Up to 400 schools are under threat as they are bracketed as being under the pupil quota for schools in Northern Ireland. Taking into account the potential for amalgamations of schools, it is a real threat that hundreds of schools will be closed by the Assembly.
The Department for Education budget is to be cut by £700million over the next four years. Typically, the sectarian politicians are attempting to hoodwink us by stirring up sectarian arguments over which schools “should” close. DUP Education Committee Chairman Meryn Storey has stated “I’m very focused and determined that there will be an equality of distribution, rather than what has seemed to be the case to date with one sector taking a disproportionate hit over another.” Storey doesn’t oppose the closure of any schools – either Catholic maintained or ‘state’ controlled, but wants to inject a sectarian division between ordinary people on the question of school closures.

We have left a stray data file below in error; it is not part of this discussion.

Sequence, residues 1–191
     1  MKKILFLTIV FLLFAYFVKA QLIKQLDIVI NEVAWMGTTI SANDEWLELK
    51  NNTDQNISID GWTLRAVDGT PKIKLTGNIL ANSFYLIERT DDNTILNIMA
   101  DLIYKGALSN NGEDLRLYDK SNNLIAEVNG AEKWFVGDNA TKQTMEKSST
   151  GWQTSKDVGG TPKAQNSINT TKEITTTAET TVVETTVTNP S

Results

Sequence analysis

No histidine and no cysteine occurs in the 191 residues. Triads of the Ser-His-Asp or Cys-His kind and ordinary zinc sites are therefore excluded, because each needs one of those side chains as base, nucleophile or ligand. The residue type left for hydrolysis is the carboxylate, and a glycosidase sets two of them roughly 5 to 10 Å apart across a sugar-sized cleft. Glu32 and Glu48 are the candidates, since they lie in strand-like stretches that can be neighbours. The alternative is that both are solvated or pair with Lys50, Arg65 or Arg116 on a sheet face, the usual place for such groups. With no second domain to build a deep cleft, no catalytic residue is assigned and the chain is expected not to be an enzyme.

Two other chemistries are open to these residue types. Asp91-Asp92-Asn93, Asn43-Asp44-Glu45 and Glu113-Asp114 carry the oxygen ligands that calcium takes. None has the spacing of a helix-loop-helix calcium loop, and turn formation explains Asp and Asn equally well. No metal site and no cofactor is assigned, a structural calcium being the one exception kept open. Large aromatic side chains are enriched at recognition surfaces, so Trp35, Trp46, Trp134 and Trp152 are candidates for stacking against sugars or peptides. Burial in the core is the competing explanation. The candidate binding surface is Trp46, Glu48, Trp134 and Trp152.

Peter Robinson has been particularly cynical in his approach arguing that this would be a good opportunity to attempt to unify education on non-sectarian lines and called the education system a “Form of Apartheid”. Robinson’s sudden “conversion” to integrated education truly takes the biscuit and in reality is an attempt to stir up sectarianism by threatening to do away with Catholic schools altogether. Nationalist politicians have replied in kind. John O’Dowd described Peter Robinson’s comments as “little more than a thinly disguised sectarian attack on Catholic education, parents and children”. This pantomime between sectarian politicians is sickening – they are jointly responsible for the closure of schools affecting both Catholic and Protestant children and communities.
School closures will bring further hardship to working class communities. There will not just be redundancies in teaching staff, but across the board affecting caretakers, classroom assistants and cleaners all faced with losing their jobs.
The closure of rural schools will mean that many pupils will have to travel very long distances at the same time the transport budget has been cut vigorously. We need a fully-funded integrated comprehensive education system, democratically controlled by staff, parents and student representatives to cater for the educational needs of all.